The European Union head office proposed scaled-back plans Wednesday to reduce air pollution, which it claims kills 370,000 EU citizens every year.
BRUSSELS, Belgium The European Union head office proposed scaled-back plans Wednesday to reduce air pollution, which it claims kills 370,000 EU citizens every year.
The restrictions on everything from car emissions to pesticides will cost industry and governments 7.1 billion euros ($8.6 billion) a year to implement, 41 percent less than a package presented in June. The new rules must be approved by national governments in the 25-nation bloc to take effect.
EU Environment Commissioner Stavros Dimas said the plans to cut air pollution in the region by 2020, "will enable Europe to have one of the most advanced air policies to secure better and cleaner air for European citizens, decreasing the various risks connected with air pollution."
The new strategy aims to reduce the use of all major pollutants, focusing on the airborne particles emitted directly into the air that experts say are the most dangerous to human health and which are found in diesel car exhausts, ground level ozone and the everyday smog hanging over most of Europe's biggest cities.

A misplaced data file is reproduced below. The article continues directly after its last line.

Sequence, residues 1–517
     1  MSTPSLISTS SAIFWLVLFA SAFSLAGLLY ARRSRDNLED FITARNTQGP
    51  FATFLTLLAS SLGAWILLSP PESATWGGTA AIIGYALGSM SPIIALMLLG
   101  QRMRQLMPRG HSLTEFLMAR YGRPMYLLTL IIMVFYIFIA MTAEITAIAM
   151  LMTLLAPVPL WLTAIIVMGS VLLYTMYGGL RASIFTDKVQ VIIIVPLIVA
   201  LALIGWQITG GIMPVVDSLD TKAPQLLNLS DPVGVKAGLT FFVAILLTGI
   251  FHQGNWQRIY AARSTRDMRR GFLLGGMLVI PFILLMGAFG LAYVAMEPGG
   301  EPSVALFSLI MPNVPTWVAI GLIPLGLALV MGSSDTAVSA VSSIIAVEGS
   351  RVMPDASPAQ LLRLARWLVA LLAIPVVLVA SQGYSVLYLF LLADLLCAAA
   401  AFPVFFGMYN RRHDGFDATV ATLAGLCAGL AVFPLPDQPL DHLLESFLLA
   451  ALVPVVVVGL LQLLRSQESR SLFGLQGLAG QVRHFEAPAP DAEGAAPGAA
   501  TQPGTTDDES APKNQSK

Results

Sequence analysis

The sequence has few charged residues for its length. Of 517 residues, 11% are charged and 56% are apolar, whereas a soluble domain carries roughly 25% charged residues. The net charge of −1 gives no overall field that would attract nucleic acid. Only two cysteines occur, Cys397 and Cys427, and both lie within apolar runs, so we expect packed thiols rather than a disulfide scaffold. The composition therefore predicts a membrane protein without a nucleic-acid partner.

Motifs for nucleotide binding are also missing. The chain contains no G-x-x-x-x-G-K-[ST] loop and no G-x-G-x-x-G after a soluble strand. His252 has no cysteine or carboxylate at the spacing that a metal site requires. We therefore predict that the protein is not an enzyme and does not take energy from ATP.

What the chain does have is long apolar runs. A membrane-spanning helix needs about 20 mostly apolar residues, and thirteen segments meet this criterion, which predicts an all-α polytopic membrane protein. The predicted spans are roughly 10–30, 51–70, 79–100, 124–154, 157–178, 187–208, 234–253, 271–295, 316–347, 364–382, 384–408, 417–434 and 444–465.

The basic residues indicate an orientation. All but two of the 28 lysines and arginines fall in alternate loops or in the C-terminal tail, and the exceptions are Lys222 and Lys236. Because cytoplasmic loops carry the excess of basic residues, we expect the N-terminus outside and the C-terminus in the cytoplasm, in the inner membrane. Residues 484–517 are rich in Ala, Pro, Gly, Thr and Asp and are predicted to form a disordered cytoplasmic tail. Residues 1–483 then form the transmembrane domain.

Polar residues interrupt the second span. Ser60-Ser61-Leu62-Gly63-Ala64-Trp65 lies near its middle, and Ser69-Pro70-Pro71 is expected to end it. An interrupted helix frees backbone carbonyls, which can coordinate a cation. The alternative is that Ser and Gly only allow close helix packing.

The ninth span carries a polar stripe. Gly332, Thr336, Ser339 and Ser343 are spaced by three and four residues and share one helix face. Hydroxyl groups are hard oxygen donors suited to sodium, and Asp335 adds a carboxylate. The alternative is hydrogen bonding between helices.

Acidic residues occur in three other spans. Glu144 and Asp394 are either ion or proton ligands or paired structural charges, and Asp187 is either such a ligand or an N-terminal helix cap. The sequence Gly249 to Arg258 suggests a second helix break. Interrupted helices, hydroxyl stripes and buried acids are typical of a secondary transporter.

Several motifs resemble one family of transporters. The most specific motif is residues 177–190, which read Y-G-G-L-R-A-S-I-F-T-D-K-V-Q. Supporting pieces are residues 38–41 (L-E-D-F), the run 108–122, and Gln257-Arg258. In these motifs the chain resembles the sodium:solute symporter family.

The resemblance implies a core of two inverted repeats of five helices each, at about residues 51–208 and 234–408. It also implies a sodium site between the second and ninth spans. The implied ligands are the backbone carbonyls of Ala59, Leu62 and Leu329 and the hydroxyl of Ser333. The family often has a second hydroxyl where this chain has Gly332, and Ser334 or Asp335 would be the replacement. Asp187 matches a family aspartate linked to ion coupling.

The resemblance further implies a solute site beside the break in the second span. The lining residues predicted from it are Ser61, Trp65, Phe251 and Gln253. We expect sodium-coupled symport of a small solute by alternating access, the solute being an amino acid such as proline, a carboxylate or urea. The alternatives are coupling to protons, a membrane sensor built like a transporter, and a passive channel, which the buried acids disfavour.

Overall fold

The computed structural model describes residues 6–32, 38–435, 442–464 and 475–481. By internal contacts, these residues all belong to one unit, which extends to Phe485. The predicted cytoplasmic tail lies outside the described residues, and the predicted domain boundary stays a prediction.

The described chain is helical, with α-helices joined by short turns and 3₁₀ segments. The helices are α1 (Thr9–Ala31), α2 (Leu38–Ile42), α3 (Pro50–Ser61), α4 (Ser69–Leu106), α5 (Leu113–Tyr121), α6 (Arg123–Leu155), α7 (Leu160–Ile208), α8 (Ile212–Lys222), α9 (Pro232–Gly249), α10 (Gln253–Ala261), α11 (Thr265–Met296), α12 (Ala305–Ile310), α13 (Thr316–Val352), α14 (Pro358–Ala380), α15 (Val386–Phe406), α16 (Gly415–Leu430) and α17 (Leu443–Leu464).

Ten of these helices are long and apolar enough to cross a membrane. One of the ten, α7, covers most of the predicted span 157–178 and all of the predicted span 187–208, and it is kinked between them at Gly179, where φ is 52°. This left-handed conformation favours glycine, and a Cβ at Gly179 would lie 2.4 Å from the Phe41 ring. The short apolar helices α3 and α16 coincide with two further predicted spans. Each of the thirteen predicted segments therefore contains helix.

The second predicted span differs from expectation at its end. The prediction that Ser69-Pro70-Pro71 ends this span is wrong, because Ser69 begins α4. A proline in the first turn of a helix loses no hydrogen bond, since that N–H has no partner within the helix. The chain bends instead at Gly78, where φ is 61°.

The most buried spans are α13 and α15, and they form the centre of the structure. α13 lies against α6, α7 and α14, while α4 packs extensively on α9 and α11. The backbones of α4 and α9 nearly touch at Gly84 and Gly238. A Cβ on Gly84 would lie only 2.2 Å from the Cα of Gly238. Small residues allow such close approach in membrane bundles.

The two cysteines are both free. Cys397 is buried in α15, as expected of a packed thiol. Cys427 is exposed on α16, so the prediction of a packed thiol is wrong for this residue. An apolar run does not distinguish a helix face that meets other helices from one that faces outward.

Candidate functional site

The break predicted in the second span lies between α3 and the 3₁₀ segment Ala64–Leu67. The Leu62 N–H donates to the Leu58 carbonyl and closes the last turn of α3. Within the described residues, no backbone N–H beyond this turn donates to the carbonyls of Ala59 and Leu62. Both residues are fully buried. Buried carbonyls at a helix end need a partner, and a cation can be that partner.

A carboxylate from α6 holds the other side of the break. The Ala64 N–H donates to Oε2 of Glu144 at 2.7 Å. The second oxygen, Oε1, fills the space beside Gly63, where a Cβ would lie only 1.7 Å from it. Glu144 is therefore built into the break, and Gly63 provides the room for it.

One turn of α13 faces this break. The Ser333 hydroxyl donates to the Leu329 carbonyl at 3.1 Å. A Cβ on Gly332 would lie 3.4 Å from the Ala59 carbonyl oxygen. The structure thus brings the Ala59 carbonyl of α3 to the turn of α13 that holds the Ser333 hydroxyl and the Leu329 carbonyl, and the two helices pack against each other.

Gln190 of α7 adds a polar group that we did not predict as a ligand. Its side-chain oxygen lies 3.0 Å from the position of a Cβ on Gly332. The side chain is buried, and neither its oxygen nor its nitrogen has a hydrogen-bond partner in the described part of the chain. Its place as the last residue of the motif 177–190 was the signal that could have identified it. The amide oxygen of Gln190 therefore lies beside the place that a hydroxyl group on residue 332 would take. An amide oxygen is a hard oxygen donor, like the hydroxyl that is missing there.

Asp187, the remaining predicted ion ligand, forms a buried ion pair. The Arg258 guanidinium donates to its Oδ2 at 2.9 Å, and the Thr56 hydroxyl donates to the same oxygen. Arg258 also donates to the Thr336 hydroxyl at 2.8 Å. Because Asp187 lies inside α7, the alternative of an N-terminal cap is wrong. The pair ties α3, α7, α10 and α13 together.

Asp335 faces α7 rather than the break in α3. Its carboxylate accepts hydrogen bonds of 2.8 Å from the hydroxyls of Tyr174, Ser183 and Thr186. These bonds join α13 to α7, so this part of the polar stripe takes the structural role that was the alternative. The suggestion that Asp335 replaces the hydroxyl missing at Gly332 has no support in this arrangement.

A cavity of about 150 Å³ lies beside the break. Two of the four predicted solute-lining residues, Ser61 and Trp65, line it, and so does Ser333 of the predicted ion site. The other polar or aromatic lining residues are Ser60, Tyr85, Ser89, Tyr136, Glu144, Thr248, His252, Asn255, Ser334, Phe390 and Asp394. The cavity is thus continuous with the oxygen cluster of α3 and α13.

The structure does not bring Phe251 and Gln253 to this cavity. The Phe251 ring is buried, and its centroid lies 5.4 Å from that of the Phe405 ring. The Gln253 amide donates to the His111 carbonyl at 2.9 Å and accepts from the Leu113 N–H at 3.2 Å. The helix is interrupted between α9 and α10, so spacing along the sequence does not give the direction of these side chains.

The plans include introducing new standards on car emissions, setting a cap on concentrations of smog and cutting red tape in existing EU environmental legislation.
The Commission said human health damage from air pollution is estimated to cost the European economy between 427 billion euros and 790 billion euros ($519 billion and $960 billion) a year.
"If we did not act we would have to pay much more in the future," Dimas said. "So actually by acting now we shall decrease the cost of the health systems of the member states, and also we will also protect our forests, and our fresh waters and all the ecosystems from further destruction."
The EU head office said it estimates its environmental package will deliver savings of around 42 billion euros ($51 billion) per year "through fewer premature deaths, less sickness, fewer hospital admissions (and) improved labor productivity."
The World Health Organization has said the region can save up to 161 billion euros ($196 billion) a year in health costs by reducing air-pollution deaths.
Source: Associated Press